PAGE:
The University of the West of Scotland (UWS) is participating in a major international project to determine the impact of antibiotic waste and its role in inflaming antimicrobial resistance.
The £800,000 programme, part of a wider £8 million research collaboration between the UK and India, will see UWS tackle the issue in collaboration with the Indian Institute of Technology Bombay.
Funding comes from the Natural Environment Research Council and the Indian government’s Department of Biotechnology.
“Antimicrobial resistance is a global public health challenge, with antibacterial resistance viewed as posing one of the most serious health threats,” said Professor Fiona Henriquez, infection and microbiology research group leader at UWS’ School of Health and Life Sciences.
Sewage, agriculture and effluent from the pharmaceutical industry are the chief sources of antibiotics and antibiotic-resistant bacteria in the environment.
Thus, a project bringing together IITB-based experts – on sensor technologies, water treatment and remediation – with UWS’ specialists in environmental microbiology, meta-omics, geochemistry and waste management.
This pioneering study can have a significant impact on global public health – Professor Craig Mahoney, UWS
Professor John Connolly, a UWS-based expert in policy and industrial regulatory processes, will also be onboard in a bid to help shape and refine policy and improve regulatory control in pharmaceutical waste management.
Key among the research’s objectives will be assessing the impact of increasing levels of antibiotic pollution entering waterways, and how that helps bacteria to resist the effects of formerly successful medication.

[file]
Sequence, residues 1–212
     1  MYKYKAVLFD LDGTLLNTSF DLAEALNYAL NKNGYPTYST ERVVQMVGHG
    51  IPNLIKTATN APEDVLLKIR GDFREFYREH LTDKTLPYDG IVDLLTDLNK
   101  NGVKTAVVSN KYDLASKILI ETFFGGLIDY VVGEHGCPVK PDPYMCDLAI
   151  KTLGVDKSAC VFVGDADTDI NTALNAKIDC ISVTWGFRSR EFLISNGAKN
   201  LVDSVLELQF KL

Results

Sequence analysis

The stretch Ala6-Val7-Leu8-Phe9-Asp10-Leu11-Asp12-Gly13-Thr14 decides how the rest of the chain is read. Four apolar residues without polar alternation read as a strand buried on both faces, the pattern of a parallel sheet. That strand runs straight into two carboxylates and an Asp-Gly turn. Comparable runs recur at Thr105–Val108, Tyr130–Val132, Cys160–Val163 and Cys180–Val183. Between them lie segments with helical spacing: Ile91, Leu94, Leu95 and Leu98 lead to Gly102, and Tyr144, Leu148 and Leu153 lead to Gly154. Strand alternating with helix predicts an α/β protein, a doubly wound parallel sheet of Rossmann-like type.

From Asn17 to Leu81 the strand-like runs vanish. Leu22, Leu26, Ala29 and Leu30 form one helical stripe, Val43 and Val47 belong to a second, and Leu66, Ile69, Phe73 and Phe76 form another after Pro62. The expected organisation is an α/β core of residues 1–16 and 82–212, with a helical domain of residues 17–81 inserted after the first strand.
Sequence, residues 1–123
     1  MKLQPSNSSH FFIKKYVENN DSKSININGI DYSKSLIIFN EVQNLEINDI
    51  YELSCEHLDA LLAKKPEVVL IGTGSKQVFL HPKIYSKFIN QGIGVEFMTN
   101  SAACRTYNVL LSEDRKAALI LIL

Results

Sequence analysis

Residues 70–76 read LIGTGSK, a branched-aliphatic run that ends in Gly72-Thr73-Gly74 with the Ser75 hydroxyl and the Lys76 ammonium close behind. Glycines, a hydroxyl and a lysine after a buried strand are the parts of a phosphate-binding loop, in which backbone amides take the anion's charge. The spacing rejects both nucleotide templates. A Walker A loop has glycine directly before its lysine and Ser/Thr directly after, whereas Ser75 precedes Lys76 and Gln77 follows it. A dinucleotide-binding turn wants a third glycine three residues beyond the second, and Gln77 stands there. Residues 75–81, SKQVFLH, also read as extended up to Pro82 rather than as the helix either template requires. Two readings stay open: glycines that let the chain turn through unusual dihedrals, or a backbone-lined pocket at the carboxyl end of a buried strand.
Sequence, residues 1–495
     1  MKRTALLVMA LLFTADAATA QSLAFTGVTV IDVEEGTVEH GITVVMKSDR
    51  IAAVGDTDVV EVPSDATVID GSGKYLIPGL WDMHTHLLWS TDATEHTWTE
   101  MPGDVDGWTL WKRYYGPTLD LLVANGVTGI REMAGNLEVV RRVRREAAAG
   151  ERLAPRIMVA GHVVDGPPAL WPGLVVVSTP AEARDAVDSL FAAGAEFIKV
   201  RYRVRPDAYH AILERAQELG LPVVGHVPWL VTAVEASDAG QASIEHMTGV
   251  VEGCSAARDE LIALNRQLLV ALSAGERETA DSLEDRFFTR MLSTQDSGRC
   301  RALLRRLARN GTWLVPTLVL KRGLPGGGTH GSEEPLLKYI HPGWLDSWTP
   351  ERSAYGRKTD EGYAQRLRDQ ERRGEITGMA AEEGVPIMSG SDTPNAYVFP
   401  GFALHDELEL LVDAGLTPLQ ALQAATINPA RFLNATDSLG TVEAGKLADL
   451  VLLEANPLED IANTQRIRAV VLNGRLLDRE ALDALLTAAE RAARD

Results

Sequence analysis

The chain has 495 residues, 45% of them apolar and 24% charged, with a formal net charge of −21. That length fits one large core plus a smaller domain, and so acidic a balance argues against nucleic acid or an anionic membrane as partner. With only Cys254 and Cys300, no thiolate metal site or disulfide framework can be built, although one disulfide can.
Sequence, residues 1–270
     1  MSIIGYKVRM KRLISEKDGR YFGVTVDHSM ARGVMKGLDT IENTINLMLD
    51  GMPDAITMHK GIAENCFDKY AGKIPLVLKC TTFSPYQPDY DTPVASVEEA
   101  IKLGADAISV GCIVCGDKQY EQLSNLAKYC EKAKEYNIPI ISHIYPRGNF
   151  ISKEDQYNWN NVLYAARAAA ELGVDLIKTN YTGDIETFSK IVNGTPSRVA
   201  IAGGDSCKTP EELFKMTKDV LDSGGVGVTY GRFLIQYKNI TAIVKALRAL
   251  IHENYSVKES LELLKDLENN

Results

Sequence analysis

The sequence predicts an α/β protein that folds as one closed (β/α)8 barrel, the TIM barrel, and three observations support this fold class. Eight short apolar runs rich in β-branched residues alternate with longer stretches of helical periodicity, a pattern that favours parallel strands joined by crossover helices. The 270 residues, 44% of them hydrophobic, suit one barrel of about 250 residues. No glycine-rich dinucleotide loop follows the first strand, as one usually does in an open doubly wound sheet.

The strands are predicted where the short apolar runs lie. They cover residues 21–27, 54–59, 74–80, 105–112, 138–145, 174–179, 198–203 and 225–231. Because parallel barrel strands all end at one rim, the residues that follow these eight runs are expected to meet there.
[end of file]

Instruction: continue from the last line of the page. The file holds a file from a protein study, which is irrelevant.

The project will also seek to design effective measures for monitoring antibiotic levels and removing them from waste. Three post-doctoral research assistants will be funded by the programme, with two UWS-sponsored PhD students also set to join the research team.
From the archive: Scottish unis offer £6m in scholarships to Indian students
“UWS is delighted to announce its involvement in this new, pioneering study that will explore an extremely important worldwide issue and which can have a significant impact on global public health,” said Professor Craig Mahoney, principal and vice-chancellor of UWS.
“We look forward to working with leaders in this field from both the UK and India, to not only make a real, positive impact on our natural environment, but on public health around the world.”
In related news, researchers at the National University of Ireland, Galway, are looking for 300 volunteers to participate in a study to explore whether recreational waters contain dangerous antibiotic-resistant superbugs.
The research is being conducted after potentially deadly bugs were found in the waters around the city.